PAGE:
You keep using that word.

“You keep using that word. I do not think it means what you think it means.”
— Inigo Montoya

Let’s talk about word usage for a minute. Specifically, let’s discuss the word “hack.”

Historically, it was appropriate and accurate to use the word “hack” if you were referring to …

1. … someone’s wood-chopping technique.
2. … the sound of a cough.
3. … a data breach.
4. … Judy Blume.

A fifth context arose a few years ago, when people started using the word “hack” to refer to the practice of disassembling something, making major modifications to it, and then reassembling it. The first time I saw it used in this context was sometime around 2007, on a website selling Holga camera modifications.

I’m not sure whether the term is meant to evoke chopping (“hacking up” an object to alter it) or cybercrime (“hacking into” something to improve it, as you might do with a smartphone’s operating system), but either way, it makes sense when you’re talking about making major alterations to something.

It does not make sense when you’re talking about using an item straight out of the box, with no modifications (e.g., hanging a spice rack in the bathroom to hold small items), using an item exactly as it was designed to be used (e.g., pushing in the little tabs at the ends of a box of waxed paper so the roll doesn’t fall out), or doing something sensible that anybody with any common sense could figure out (e.g., all of the tips listed in the “Five Hacks for Winter Running” article I saw the other day, which included such dazzlingly clever innovations as wearing several layers of clothing, putting Yaktrax on your shoes when it’s icy, and doing a few warmup exercises indoors before heading out to run).

“Hack” was a clever term about 10 years ago, but at this point, if you’re not using it to refer to a person who writes clickbait headlines for a living, I think it’s probably advisable to drop it from your vocabulary.

Emily

Tiny Tuesday: Repurpose a dishrack

I swiped an idea from my mom while I was helping her with the Thanksgiving dishes Thursday.

Mom and Dad redid their kitchen not too long ago, and their old dishrack wouldn’t fit well on the new counter, so they bought a new one.

Rather than throw out the old one, Mom stuck it in the bottom of one of the new cabinets, where it keeps the pan lids organized and easy to find.

Repurpose an old dishrack as a neat storage center for lids.
Repurpose an old dishrack as a neat storage center for lids.

Given the weight of some of those lids, I’m not sure how well this would work with a flimsy plastic dishrack, but the one Mom used is made of heavy wire coated with plastic, and I am fairly certain it’s been around longer than I have, so it’s obviously pretty sturdy.

The rack takes up more room than the lids would if they were just tossed onto the bottom of the cabinet willy-nilly, but for me, part of the appeal with the tiny-house movement is its emphasis on organizing your things instead of just cramming them in wherever they’ll fit and forgetting where you put them. I love the idea of having all my possessions in close proximity to each other so I can access them quickly and easily, but if my cabinets aren’t organized well, I’m going to lose that advantage.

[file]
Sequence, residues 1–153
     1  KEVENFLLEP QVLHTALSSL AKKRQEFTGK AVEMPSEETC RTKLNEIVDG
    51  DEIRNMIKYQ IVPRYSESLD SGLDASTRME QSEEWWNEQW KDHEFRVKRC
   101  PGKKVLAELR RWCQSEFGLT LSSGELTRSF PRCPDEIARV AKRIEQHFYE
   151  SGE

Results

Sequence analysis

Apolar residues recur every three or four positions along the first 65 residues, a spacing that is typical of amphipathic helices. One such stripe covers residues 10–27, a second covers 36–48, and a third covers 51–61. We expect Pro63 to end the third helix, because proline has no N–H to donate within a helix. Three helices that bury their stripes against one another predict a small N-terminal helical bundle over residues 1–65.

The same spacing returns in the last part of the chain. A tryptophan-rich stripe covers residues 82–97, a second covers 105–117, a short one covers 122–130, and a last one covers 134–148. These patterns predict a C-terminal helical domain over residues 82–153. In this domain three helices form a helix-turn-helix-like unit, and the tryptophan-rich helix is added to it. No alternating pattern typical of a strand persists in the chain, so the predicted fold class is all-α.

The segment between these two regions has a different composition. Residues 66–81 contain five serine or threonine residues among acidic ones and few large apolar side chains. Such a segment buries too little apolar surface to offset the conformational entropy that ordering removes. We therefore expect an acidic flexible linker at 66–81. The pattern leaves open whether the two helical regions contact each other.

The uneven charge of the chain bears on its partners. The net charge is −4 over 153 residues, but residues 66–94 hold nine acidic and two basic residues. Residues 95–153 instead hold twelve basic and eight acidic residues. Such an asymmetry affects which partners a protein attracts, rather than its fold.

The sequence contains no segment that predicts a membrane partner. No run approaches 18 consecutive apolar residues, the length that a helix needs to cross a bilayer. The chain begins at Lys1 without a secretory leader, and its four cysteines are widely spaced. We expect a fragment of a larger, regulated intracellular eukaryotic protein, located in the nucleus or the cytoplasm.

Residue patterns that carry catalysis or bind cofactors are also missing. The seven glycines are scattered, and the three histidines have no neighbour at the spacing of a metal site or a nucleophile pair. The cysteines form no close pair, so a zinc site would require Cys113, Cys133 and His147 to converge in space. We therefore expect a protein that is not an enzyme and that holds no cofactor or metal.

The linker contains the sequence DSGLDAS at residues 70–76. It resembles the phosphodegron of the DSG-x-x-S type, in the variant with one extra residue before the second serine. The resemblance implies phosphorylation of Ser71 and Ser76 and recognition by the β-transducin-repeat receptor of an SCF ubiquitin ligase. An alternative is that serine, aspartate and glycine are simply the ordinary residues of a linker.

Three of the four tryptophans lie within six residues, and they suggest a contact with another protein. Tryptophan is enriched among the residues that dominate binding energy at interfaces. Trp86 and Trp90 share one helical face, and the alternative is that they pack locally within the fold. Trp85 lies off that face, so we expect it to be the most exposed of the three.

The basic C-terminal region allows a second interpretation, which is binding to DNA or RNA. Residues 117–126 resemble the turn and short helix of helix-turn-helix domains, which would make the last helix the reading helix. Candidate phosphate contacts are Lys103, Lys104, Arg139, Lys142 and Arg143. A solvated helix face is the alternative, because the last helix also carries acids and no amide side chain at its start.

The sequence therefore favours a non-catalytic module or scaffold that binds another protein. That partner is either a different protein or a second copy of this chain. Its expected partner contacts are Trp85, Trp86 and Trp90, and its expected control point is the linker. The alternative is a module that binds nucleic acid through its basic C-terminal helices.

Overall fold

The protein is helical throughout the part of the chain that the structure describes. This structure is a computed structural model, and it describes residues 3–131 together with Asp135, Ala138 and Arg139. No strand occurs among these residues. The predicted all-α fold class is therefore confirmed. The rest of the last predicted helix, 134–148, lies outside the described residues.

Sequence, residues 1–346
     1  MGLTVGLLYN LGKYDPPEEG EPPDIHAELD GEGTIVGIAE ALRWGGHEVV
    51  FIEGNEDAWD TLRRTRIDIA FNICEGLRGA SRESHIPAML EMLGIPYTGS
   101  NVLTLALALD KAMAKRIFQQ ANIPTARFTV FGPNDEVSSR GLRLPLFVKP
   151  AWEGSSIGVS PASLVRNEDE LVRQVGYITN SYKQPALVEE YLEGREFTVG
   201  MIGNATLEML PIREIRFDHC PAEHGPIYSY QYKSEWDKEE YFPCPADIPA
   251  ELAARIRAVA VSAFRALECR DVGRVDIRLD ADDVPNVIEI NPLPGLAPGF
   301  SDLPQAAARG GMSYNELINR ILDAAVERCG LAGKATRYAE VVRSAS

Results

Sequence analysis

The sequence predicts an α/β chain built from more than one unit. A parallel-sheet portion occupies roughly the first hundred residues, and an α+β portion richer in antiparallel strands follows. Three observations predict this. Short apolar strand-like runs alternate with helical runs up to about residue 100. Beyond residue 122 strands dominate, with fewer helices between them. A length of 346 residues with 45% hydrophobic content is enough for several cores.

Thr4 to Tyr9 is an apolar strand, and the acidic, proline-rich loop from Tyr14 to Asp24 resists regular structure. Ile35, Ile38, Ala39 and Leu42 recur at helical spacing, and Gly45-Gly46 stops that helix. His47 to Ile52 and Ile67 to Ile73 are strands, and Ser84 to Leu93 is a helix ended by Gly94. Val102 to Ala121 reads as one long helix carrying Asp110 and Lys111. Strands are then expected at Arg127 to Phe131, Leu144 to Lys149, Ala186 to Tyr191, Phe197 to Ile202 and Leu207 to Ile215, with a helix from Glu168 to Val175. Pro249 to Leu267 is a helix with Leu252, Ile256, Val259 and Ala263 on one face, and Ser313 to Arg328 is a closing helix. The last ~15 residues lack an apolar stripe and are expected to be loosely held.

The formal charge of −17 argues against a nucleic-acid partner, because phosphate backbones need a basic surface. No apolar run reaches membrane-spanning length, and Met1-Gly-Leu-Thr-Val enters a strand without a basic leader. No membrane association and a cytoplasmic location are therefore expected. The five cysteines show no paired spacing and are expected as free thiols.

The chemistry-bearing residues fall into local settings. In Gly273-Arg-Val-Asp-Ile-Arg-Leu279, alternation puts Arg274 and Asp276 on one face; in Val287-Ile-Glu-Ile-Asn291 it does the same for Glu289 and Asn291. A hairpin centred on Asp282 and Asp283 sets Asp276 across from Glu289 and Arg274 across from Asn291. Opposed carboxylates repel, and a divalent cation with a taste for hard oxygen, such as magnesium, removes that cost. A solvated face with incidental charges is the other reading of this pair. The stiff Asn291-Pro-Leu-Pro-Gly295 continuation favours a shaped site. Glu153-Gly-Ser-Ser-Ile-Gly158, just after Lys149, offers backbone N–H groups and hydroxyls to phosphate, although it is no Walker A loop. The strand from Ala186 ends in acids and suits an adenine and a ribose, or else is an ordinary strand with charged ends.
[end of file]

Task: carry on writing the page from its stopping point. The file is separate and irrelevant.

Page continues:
If I were using a dishrack for storage in my own kitchen, I’d probably use that space to the right of the lids to keep my big wok out of sight but within easy reach.

Take a look around your kitchen and see what items you could repurpose to organize your cabinets. I’ve found a streamlined space makes food prep faster, easier, and much more pleasant.

Emily

Sunday Self-Care: Seed catalogs

It’s the third-most wonderful time of the year.

The most wonderful time of the year is the first Saturday after Tax Day, when we put the garden in the ground.

The second-most wonderful time of the year is the day Cubs pitchers and catchers report to spring training.

But the third-most wonderful time of the year is now, when the companies that sell seeds for the garden and beekeeping equipment for the apiary start sending out catalogs, which means I can start dreaming about spring in specific detail and figuring out how many times we’re going to have to eat enchiladas or sauerkraut to save up enough cans for all the seeds I intend to start. (Tin cans with the bottoms cut out make the world’s greatest seed-starting pots/squirrel deterrents. Unfortunately, about the only products that still come in cans with identical tops and bottoms are Ro-Tel tomatoes; certain brands of sauerkraut; and most enchilada sauce. This means for about two months every winter, my grocery list revolves around my gardening needs.)

Gardening and beekeeping catalogs are my saving grace every winter. Gray skies and short days don’t do anything positive for my mental health, and after a while, I start to wonder whether I’ll ever get to put my hands in the dirt and bask in the sunshine again. When that first seed catalog lands in the mailbox, I see the first glimmer of hope.

We got catalogs this weekend from Seed Savers Exchange and Betterbee, so I’ll spend the next few months dogearing pages and circling varieties that sound promising and drawing scale diagrams of the garden while I dream of spring.

Emily

Eco-Saturday: Eat in season

We’re reaching that drizzly, chilly, depressing time of year when all the tomato vines are dead, most of the herbs are fading, and the farmers’ markets are winding down.

When the weather sucks, it’s tempting to buy the out-of-season produce that finds its way into the grocery store every winter.

Try to resist the temptation.

Out-of-season produce is almost always shipped in from some other country where the growing seasons are longer. To survive the trip without spoiling, it has to be picked early — before it’s ripe — and the varieties capable of traveling long distances are bred for durability, not flavor, so you’re going to end up paying extra for an inferior product that’s wasted a ton of fuel getting here.

Rather than subject yourself, your bank account, and the environment to that, look at what you can do with frozen and canned vegetables and whatever happens to be in season.

The Mother Earth News Almanac, which I reviewed on here last week, has a couple of good winter recipes, including an utterly divine potato-cheese soup I’ve made too many times to count.